That was due to the popularity of the singer Flav-O-Flavius.

Flavius means blonde and was a common name given to light haired children.

I’m not aware of the consuls changing roles ever other month, but there are two important facts about Rome’s constitution: it was designed to prevent the rise of a king and thus it gave consuls great power, but for short periods; and it was designed as a consitution for a citystate and wasn’t really practical for running an empire.

I just finisthed The Rise of Rome which is a great read on Rome’s political history.

wiki agrees that they alternated on a monthly basis:

Yeah, I was looking at that a little bit earlier. I have this vague recollection of some incident when the consuls couldn’t agree about some military issue–the superior consul would go out into the field with his army for a month, and then the roles would switch and the formerly-inferior would call him back. But like I said, just a vague recollection–may be nothing like that.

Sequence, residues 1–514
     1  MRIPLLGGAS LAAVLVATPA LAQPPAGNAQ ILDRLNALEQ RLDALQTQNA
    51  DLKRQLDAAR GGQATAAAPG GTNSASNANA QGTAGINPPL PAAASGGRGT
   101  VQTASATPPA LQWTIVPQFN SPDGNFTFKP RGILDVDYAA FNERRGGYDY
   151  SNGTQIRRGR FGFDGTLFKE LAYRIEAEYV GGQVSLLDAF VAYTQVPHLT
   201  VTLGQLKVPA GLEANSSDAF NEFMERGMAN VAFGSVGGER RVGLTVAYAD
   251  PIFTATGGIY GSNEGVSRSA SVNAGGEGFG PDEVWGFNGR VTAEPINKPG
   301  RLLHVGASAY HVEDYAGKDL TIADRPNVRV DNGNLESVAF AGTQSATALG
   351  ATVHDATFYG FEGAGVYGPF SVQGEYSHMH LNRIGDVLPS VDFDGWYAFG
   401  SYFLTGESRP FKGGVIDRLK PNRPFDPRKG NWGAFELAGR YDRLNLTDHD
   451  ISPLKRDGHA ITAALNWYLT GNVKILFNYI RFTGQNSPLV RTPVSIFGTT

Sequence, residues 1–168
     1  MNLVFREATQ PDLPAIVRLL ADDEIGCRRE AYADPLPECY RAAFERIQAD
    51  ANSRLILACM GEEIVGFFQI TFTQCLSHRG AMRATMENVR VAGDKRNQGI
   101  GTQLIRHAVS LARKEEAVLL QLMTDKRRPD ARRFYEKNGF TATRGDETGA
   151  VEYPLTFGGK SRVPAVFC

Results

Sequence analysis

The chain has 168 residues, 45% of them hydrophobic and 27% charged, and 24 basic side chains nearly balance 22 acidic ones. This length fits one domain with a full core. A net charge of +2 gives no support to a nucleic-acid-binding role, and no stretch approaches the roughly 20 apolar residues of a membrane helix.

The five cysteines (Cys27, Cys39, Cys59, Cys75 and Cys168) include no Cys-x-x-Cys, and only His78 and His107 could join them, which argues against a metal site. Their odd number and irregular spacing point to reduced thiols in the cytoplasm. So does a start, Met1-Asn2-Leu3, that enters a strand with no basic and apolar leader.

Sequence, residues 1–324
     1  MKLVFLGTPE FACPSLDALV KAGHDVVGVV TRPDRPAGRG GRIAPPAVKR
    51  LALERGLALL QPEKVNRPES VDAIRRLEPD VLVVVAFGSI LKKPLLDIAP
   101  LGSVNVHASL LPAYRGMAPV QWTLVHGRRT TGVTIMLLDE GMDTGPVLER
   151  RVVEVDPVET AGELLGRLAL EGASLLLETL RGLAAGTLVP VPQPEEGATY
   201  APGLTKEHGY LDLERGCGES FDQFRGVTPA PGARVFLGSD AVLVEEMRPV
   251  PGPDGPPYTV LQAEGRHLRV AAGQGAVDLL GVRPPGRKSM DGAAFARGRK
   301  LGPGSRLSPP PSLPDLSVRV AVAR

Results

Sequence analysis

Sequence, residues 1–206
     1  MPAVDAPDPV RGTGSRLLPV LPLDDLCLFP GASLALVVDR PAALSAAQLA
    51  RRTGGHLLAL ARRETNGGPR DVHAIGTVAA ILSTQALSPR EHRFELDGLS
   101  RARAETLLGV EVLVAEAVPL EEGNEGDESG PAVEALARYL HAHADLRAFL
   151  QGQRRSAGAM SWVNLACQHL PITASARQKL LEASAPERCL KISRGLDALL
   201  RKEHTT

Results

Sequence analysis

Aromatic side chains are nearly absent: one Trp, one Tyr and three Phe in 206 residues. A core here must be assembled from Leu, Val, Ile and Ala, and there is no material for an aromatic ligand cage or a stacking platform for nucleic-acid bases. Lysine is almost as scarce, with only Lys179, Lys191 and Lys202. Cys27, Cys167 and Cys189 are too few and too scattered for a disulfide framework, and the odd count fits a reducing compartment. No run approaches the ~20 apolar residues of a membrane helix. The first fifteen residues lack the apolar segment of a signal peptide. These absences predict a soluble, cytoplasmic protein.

I was hoping more specific reasons than “it was for abuse prevention”. They must have had some strong reasons to design it that way.

No, that was pretty much it. The Romans usually duplicated offices this way. The idea was that by giving two men the same job, neither of them was all-powerful - each acted as a check on the other.

And the alteration between them didn’t denote one was superior to the other. Their power and authority was equal at all times. The only thing the alteration represented was basically which one was on duty.

The last king of Rome Tarquinius Superbus, really, really pissed the Romans off. When they got rid of him and instituted the Republic, they were are at great pains to devise a system where one man would never hold supreme power, or be be in a strong position to stage a coup d’état, hence two consuls who could veto one another.